Design the Duct System
Title 24 Requirement
ASHRAE 62.2-2007 & ASHRAE 62.2-2010
When designing ducting for local exhaust ventilation, use the Prescriptive Duct Chart. Bath fans and kitchen range hoods can be sized prescriptively. As long as you meet the local exhaust ventilation requirements (Step 2) by installing the proper size fan and ducting, the local exhaust requirement is met.
Title 24 Requirement
When the air handler or return duct is located in the garage, the ductwork for the HVAC system must be sealed to have air leakage of no more than 6% of the air handler airflow when measured at 0.1 in. w.c. (25 Pa, whether or not the air handler is used for ventilation.
When the air handler or return duct is located outside the pressure boundary, the ductwork for the HVAC system must be sealed to have air leakage of no more than 6% of the air handler airflow when measured at 0.1 in. w.c. (25 Pa), whether or not the air handler is used for ventilation.
If you have flow testing equipment, it’s a good idea to measure the airflow of all fans, even if the code doesn’t require it. Flow testing allows you to identify and solve problems with airflow rates and installation.
Seal all ductwork for HVAC equipment, no matter where it is located.
When installing ventilation equipment, it is important to use large enough duct to achieve the rated flow of the ventilation system that you have designed. If the duct system is inadequate or poorly designed, no fan will deliver its rated air flow. You may need to use larger duct than you have in the past to actually get desired airflows. Virtually all fans provide more airflow with less noise when the duct is up-sized an inch or two, when smooth duct is used, and when duct runs are as straight as possible.
- The larger the duct diameter, the greater the airflow. Replace 3" duct with 4" or 6" duct.
- Smooth, rigid duct delivers better airflow than metal flex duct. Metal flex duct performs better than plastic flex duct.
- Whenever possible, avoid designing a bend or elbow within two feet of the fan to minimize static pressure and fan noise.
- With metal duct, use wide-sweep elbows or bends to reduce the resistance to airflow.
- A fan with a 4" duct connection will perform much better with an adapter and 6" duct. Change out the wall cap or roof jack to a larger one at the same time, if possible.
When designing ducting for the whole-building ventilation system, it's important to be conservative. After the fan and ducting are installed, the whole-building fan must deliver at least the airflow required by ASHRAE Standard 62.2 (Step 3), so do everything possible to ensure good air flow. Attempting to use an existing fan and ductwork may be difficult, since most older fans were rated at lower static pressure: 0.1 in. w.c. instead of 0.25 in. w.c. Also, many older fans were ducted with 3” or 4” ducting, which usually decreases fan performance. The following are ways to design for good airflow in a whole-building ventilation system:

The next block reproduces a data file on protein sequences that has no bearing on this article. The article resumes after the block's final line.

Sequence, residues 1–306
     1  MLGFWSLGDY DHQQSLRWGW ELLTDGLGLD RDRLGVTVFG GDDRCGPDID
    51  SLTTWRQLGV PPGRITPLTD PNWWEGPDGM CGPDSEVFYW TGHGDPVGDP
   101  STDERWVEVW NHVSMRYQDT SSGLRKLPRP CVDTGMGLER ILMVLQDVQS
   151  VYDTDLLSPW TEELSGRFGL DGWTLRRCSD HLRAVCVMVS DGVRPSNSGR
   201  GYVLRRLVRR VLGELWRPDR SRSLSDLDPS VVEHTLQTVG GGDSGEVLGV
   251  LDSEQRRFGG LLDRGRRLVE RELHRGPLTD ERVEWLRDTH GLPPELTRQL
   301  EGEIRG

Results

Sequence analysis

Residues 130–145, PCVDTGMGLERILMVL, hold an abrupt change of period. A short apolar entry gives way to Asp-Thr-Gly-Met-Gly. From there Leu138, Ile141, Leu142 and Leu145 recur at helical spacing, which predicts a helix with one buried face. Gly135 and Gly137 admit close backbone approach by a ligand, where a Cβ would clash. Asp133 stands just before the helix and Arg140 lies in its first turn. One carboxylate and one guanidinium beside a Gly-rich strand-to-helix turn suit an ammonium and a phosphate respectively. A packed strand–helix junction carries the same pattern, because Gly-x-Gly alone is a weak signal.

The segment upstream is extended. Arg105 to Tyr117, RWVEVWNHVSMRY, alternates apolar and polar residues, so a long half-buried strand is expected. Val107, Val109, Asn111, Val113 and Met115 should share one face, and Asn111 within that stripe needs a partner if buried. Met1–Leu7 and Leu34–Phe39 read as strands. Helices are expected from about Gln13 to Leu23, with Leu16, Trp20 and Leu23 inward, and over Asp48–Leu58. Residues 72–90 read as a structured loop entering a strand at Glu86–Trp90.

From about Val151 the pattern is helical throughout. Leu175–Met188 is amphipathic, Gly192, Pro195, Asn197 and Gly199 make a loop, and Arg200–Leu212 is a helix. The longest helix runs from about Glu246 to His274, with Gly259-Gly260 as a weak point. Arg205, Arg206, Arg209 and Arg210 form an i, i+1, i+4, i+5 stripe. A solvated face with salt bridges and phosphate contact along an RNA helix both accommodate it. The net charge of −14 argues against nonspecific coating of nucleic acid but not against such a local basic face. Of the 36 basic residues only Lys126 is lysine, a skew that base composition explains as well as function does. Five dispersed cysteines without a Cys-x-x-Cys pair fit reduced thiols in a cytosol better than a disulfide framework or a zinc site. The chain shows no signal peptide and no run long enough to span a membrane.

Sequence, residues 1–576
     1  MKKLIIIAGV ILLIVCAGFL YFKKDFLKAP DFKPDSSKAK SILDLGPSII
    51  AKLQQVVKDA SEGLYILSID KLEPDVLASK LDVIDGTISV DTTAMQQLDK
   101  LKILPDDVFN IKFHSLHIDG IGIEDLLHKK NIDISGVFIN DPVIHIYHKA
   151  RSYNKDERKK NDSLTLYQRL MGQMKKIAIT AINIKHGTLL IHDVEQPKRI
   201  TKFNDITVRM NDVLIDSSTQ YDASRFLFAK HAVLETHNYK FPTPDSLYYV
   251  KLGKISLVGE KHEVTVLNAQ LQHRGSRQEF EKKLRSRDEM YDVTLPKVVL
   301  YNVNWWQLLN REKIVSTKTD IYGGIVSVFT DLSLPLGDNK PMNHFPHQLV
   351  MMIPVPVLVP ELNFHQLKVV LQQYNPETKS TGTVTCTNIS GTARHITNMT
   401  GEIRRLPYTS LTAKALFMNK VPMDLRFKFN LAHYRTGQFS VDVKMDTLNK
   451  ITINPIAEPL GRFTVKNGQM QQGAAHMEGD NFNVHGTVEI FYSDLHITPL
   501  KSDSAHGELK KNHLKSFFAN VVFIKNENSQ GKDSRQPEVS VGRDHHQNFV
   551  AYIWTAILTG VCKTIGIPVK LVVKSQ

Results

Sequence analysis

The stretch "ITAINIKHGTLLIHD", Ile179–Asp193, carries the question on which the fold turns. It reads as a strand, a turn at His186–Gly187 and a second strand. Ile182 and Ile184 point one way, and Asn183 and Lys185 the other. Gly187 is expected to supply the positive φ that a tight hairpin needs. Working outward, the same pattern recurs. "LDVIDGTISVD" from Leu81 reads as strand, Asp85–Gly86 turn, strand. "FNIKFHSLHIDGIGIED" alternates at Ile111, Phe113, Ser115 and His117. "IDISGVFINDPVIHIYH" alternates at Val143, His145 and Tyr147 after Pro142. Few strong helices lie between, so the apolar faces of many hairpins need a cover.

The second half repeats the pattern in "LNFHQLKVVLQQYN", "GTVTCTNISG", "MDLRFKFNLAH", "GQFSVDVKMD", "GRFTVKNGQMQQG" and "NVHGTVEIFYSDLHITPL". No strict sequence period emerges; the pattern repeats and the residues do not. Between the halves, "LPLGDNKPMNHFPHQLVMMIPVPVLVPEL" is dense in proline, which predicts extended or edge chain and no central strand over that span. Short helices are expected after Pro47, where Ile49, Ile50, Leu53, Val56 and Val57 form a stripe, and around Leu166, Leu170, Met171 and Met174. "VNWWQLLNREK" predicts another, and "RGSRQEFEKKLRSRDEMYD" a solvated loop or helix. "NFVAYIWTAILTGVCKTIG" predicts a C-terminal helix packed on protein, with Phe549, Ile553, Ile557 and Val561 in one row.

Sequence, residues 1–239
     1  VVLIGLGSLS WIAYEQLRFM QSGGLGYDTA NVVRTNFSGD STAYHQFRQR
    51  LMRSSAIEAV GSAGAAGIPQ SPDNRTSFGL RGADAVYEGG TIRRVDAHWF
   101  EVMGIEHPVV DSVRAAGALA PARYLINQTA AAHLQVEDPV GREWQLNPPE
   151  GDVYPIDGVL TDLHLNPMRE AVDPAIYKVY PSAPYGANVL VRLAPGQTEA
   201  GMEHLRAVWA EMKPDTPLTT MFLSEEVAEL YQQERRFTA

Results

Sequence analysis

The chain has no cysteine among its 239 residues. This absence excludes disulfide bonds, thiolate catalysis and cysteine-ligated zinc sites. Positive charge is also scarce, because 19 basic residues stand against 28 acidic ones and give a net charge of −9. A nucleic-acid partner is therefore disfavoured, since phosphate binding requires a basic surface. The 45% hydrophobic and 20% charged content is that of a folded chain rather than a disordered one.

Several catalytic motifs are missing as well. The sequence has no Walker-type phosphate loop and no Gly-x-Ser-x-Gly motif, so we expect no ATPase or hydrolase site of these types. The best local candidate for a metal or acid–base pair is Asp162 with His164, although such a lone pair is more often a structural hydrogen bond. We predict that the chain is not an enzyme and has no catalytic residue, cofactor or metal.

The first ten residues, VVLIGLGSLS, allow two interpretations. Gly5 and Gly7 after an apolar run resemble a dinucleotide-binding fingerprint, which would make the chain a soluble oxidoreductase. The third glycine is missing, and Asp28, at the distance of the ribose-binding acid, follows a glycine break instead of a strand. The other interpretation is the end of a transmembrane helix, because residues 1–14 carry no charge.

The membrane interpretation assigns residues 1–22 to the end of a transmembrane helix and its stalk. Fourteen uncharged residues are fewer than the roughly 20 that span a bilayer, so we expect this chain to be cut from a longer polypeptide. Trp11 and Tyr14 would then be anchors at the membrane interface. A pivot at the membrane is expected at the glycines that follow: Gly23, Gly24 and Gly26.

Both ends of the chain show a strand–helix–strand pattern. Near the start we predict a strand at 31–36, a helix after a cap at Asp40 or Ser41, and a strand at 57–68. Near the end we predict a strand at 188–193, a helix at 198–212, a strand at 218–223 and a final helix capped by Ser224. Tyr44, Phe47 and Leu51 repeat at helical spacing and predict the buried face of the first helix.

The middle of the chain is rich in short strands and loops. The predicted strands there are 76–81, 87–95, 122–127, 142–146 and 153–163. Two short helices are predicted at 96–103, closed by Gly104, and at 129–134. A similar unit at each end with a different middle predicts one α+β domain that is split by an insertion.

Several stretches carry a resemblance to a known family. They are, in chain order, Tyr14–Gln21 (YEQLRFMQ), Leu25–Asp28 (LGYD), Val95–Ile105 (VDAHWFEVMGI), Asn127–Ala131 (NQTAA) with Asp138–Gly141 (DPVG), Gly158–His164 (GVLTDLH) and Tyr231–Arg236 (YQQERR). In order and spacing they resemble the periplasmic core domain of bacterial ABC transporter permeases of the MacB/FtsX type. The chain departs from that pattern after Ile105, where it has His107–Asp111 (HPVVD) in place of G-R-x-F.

- Use the largest possible duct diameter, preferably in smooth rigid duct rather than flex duct.
- Use the Prescriptive Duct Chart to estimate maximum duct lengths that will deliver the desired air flow.
- Choose a fan that is certified at 0.25 in. w.c. (not 0.1 in. w.c., which was the old standard for fan certification).
- Avoid long duct runs and tight or multiple turns.
ASHRAE Standard 62.2 provides a table of maximum duct lengths to use to create no more than 0.25 in. w.c. of static pressure, which is the rating point for certified fans. Usually, using this table and good installation practices will provide the desired airflow. Table 5.3 shows the maximum combination of duct type, size, and fittings using the Equivalent Duct Length (EDL) method. Note that you must deduct 15 feet for each elbow in the duct system. One wall cap is assumed, so no deduction is made for the terminal device.
|ASHRAE Std. 62.2 Table 5.3: Prescriptive Duct Sizing Chart|
|Duct Diameter (inches)||Maximum Length in Feet
Fan Rating in cfm Certified @ 0.25 in. w.c.
|Flex Duct (cfm)||Smooth Duct (cfm)|
n/a = not allowed: No use of this duct diameter will meet ASHRAE Standard 62.2 requirements.
This table assumes no elbows. Deduct 15 feet (5 m) of allowable duct length for each elbow.
|5||no limit||70||35||20||no limit||135||85||55|
|6||no limit||no limit||135||95||no limit||no limit||no limit||145|
|7 and above||no limit||no limit||no limit||no limit||no limit||no limit||no limit||no limit|
Ductwork Can Distribute Pollutants Throughout the House
Sometimes HVAC equipment or ducting is located in places where the air is polluted. If connections and ductwork are not well sealed, harmful pollutants may be pulled into leaky ducts and delivered throughout the house. Make sure all heating, cooling, and ventilation ducting is well sealed, especially in areas such as:
- a garage where cars idle or toxic chemicals are stored
- an attic with loose-fill insulation, fumes from asphalt shingles, or rodent presence
- a damp crawlspace
- a basement hobby area
Locate Outdoor Air Intakes Carefully
If outdoor air intakes are located near pollutant sources, the ventilation air brought into a home can make indoor air quality problems worse. Locate outdoor air intakes at least 10 ft from pollutant sources such as:
- trash cans
- dog runs
- busy streets
- combustion appliance vents or clothes dryer vents
- exhaust vents from fans
- places where a car idles